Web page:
A major goal of assembly ecology is to understand how the sequence and timing of species affect the strength of species interactions. Towards this goal I have been developing a model system to study community assembly in coral reef fish communities (in collaboration with Shane Geange, Victoria U. Wellington, New Zealand). Colonization dynamics of reef fish is affected by stochastic larval supply driven by variable weather and ocean currents, which leads to high natural variation in the sequence and timing of species colonization. We have shown that the sequence of species arrival can alter the strength of competition and that increased separation in timing of species arrival can flip competitive dominance (i.e. a priority effect). My work on these priority effects has overturned the idea that random arrival of colonizers alone generates patterns of community structure. Rather, random arrival interacts with predictable interactions between species to generate distinct species assemblages occupying environmentally similar habitats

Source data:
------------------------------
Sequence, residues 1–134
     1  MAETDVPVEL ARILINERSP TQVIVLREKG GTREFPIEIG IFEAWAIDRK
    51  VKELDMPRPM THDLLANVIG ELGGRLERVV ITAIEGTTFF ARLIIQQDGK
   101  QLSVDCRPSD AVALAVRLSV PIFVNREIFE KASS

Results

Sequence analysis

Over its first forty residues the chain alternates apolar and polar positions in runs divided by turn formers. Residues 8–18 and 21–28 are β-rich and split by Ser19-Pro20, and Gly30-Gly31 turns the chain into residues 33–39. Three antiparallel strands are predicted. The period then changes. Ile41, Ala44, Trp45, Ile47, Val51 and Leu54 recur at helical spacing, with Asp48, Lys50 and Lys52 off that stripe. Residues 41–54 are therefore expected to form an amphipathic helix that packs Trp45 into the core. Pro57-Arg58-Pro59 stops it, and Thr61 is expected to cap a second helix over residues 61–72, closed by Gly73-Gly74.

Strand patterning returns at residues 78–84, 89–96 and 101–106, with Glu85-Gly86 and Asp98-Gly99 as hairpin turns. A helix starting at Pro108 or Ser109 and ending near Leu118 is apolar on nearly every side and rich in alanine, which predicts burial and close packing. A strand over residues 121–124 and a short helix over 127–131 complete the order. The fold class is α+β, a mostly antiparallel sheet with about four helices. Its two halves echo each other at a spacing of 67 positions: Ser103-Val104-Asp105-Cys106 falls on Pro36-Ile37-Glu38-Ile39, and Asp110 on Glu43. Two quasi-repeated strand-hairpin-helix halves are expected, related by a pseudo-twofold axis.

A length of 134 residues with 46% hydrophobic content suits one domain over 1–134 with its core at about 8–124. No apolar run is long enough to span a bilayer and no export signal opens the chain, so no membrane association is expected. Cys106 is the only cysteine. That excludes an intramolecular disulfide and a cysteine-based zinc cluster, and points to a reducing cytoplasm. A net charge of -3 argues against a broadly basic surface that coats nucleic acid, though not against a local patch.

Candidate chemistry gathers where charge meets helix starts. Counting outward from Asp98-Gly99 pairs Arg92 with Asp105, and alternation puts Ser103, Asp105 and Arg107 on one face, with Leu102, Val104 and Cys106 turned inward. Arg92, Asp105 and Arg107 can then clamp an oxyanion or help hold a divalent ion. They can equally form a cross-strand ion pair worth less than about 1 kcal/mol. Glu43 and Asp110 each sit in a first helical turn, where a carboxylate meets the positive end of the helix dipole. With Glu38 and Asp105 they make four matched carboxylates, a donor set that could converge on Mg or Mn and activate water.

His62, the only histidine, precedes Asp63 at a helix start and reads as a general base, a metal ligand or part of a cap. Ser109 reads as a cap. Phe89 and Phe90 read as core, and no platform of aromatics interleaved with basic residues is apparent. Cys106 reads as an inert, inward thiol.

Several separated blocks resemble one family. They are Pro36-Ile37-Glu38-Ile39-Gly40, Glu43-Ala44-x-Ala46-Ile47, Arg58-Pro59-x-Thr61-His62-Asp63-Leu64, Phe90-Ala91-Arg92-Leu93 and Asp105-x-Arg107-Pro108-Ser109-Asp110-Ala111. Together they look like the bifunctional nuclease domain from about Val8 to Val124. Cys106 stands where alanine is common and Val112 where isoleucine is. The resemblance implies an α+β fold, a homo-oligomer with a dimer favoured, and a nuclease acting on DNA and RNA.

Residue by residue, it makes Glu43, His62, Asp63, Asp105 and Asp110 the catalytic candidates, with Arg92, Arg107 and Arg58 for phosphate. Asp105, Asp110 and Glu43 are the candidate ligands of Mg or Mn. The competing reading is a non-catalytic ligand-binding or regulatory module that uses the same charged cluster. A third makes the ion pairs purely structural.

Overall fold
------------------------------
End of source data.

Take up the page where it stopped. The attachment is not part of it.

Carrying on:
Most recently we have expanded our study of assembly dynamics to include predation, which has largely been ignored in the competition-centric community assembly literature. Most predation studies have focused on the effects of chronic predator exposure (i.e., presence-absence or a gradient of predator densities), however, predator migration, mortality, and recruitment can lead to spatio-temporal variability in predation pressure. Such variability can result in a mosaic of habitat patches with differing patterns of predator occupancy, mean predator density, and timing of predator arrival (relative to prey). Focusing on a common reef predator we have described variability in the density, patch occupancy duration, and relative sequence of predator and prey arrival. We factorially manipulated these idiosyncratic types of predator patch occupancy in the field to show that early and late arriving predators can produce unique community composition and biodiversity of prey communities. The effects of predator arrival timing are comparable to well-studied effects of predator density.
Stier A.C., Geange S.W., Holdo R., and M. Roy. Early Bird Gets the Worm: Coexistence of Inferior Competitors Through Separation in Sequence and Timing of Species Arrival. Intended for American Naturalist
Stier A.C., S.W. Geange‡, and K.M. Hanson. Predator intensity, frequency, and timing of arrival in reef fish communities. Ecology.
Geange S.W., J.S. Shima, and A.C. Stier. 2010. An evaluation of competitive effect and response in three species of coral reef fish. In press MEPS